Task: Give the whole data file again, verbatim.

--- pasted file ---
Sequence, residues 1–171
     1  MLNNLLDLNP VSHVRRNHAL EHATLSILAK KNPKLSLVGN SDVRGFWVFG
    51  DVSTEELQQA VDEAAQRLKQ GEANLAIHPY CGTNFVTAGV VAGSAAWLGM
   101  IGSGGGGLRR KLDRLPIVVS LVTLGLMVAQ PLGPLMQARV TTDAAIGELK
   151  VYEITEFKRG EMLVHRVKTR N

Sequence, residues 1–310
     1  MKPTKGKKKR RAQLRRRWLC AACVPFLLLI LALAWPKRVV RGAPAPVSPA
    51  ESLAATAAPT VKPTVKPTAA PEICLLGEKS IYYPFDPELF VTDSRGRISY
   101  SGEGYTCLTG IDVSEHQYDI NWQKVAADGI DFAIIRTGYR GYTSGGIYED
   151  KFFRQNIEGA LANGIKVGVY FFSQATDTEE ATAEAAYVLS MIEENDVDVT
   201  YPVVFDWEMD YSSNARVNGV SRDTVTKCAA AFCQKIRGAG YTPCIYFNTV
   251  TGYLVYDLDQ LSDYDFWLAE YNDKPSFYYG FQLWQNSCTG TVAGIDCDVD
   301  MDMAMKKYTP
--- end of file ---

Sequence, residues 1–171
     1  MLNNLLDLNP VSHVRRNHAL EHATLSILAK KNPKLSLVGN SDVRGFWVFG
    51  DVSTEELQQA VDEAAQRLKQ GEANLAIHPY CGTNFVTAGV VAGSAAWLGM
   101  IGSGGGGLRR KLDRLPIVVS LVTLGLMVAQ PLGPLMQARV TTDAAIGELK
   151  VYEITEFKRG EMLVHRVKTR N

Sequence, residues 1–310
     1  MKPTKGKKKR RAQLRRRWLC AACVPFLLLI LALAWPKRVV RGAPAPVSPA
    51  ESLAATAAPT VKPTVKPTAA PEICLLGEKS IYYPFDPELF VTDSRGRISY
   101  SGEGYTCLTG IDVSEHQYDI NWQKVAADGI DFAIIRTGYR GYTSGGIYED
   151  KFFRQNIEGA LANGIKVGVY FFSQATDTEE ATAEAAYVLS MIEENDVDVT
   201  YPVVFDWEMD YSSNARVNGV SRDTVTKCAA AFCQKIRGAG YTPCIYFNTV
   251  TGYLVYDLDQ LSDYDFWLAE YNDKPSFYYG FQLWQNSCTG TVAGIDCDVD
   301  MDMAMKKYTP